The climatic ending that takes place in a park, a battle takes place with several news teams coming together for an all-out war to stop (or help) Ron! The star-studded cameos abound (I won’t give them away here, but they’re GREAT!) and the “war” is just plain lunacy.
This is one seriously funny movie “written” by Farrell and Adam McKay. I put ‘written’ in parentheses because I bet that half this movie was improved and not on any script. Knowing the ad-lib geniuses of the cast, the lines were changing with every take. Directed by Adam McKay, I haven’t LOL’d this much and this long at a movie in a very long time. The scenes were incredibly stupid and well set-up, the logic was illogical and nonsensical, the people were all insane and completely looney, and I loved every minute of it! This comedy comes from brilliant writing and the characters, not from same ol’ fart and lame poop jokes (Adam Sadler) or repetitious and boring sexual gags (Wayan Bros). Thank you, Will Ferrell!
HIS GIRL FRIDAY (1940)
Newsroom comedies are hard to come by, but one of the very best is this glorious black and white screwball comedy by the great Howard Hawks. It’s SO good that it’s on the American Film Institutes list of “100 Years–100 Laughs”.
The great Cary Grant plays Walter Burns, a hard-boiled editor for “The Morning Post”, a fast-paced newspaper, that learns his ex-wife and former star reporter, Hildegard “Hildy” Johnson (Rosalind Russell), is about to marry a bland insurance man named Bruce Baldwin (Ralph Bellamy). And what worse yet, she’s going to settle down to a quiet life as a wife and mother! Not if he can help it!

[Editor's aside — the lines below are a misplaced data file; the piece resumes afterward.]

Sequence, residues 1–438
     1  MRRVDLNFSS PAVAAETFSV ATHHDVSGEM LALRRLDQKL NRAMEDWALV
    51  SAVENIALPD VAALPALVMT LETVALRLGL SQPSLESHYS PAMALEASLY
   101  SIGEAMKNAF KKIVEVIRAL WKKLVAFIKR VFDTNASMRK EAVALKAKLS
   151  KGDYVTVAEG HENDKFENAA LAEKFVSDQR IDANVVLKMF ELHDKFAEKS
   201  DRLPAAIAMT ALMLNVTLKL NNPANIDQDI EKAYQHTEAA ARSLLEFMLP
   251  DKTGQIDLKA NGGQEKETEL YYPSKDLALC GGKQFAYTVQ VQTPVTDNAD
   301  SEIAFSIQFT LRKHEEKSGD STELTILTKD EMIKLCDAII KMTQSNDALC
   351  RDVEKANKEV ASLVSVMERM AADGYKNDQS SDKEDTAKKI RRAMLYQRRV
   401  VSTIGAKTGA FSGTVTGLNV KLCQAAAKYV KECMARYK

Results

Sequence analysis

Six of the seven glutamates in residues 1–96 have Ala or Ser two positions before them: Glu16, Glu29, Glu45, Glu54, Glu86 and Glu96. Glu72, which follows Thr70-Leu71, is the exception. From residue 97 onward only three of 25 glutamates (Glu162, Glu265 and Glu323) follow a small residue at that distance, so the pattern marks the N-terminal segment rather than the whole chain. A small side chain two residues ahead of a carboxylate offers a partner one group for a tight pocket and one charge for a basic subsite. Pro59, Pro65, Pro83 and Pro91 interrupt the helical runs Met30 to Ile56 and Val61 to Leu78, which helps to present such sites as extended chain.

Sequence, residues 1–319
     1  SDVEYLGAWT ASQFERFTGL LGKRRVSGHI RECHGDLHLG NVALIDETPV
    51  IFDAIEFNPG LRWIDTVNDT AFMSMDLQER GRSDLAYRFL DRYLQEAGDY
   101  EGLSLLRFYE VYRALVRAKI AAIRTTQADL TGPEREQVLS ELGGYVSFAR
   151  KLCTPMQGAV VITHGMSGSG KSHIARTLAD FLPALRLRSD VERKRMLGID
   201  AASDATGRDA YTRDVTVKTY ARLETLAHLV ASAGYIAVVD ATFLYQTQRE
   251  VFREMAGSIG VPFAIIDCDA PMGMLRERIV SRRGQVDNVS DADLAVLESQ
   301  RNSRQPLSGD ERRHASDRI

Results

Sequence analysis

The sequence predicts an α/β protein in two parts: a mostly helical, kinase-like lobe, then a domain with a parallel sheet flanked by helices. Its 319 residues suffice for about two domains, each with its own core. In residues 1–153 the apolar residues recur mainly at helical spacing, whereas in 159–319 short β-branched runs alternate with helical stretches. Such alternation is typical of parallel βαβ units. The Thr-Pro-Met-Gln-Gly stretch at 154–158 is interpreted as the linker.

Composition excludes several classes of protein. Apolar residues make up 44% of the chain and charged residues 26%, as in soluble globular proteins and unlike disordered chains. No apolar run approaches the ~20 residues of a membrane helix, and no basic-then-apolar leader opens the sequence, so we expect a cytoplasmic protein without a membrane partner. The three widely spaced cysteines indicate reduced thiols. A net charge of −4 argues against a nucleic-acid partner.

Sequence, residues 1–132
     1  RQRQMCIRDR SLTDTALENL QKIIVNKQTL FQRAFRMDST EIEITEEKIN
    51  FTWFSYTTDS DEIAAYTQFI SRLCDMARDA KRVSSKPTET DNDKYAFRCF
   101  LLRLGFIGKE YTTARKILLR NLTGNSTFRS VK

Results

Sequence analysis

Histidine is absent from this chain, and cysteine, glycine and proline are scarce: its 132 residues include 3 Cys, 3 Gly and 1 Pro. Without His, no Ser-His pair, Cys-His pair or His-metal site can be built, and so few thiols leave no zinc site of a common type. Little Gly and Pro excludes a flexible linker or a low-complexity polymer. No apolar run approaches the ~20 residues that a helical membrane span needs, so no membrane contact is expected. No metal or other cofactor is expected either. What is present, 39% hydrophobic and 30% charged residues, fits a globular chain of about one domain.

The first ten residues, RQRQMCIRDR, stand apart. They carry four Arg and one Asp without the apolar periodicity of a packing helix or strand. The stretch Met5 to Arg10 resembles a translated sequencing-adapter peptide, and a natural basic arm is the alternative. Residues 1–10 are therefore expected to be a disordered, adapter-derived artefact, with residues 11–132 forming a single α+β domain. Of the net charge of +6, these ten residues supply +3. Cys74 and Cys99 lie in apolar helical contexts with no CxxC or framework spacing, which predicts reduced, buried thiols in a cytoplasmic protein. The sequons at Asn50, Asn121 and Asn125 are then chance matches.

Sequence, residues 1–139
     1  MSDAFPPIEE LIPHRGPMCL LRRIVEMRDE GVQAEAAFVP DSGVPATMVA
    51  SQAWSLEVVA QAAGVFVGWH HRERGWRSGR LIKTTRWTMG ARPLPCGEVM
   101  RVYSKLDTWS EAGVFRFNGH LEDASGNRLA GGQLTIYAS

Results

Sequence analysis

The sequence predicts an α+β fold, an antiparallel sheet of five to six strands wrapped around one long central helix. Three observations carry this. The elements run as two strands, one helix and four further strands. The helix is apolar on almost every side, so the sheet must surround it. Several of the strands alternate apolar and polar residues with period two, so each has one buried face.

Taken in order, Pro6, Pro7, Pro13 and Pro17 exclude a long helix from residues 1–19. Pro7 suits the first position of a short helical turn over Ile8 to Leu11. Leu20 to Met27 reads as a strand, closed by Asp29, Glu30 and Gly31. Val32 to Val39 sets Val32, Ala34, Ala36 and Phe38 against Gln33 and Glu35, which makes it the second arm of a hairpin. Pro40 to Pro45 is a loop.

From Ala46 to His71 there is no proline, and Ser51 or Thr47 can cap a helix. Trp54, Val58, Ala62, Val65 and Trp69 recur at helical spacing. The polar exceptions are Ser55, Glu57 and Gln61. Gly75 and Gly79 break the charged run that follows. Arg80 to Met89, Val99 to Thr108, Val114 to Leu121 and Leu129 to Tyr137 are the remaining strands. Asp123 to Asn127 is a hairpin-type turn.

Walter can’t stand the idea of his former ace reporter doing this, and is determined to sabotage her plans by enticing Hildy to cover just one last story: the upcoming execution of convicted murderer, Earl Williams (John Qualen).
No above playing nasty tricks, Walter does everything he can to keep Hildy from leaving town, including setting up her unsuspecting fiance so he gets arrested over and over again on trumped-up charges. He even kidnaps Hildy’s upcoming mother-in-law (Alma Kruger)! When the convict Williams escapes from the bumbling sheriff (Gene Lockhart) and practically falls into Hildy’s lap, the lure of the big scoop proves to be too much for her. Falling back on her old habits (and loving it!) she starts writing the story and hardly notices as Bruce realizes his marriage to her is hopeless and he returns home.
Walter and Hildy find out just in time to save Walter from being arrested again save him from the gallows. Afterwards, Walter offers to remarry Hildy, promising to take her on the honeymoon they never had in Niagara Falls. But there’s a great NEWS story on the way there, so….!
Lightning paced dialogue and direction, this movie zips by so fast you better be prepared to listen and listen quick to what everyone is saying. The performances of Grant and Russell are just perfect and their chemistry together is electric. They play off each other so well, it’s too bad they didn’t make any more films together. It’s fast, it’s funny, it’s a great movie to rent. Here’s a funny tidbit: Cary Grant at one point tells the Mayor, “The last man who said that to me was Archie Leach just a week before he cut his throat”. Archie (Archibald) Leach is Cary Grant’s real name!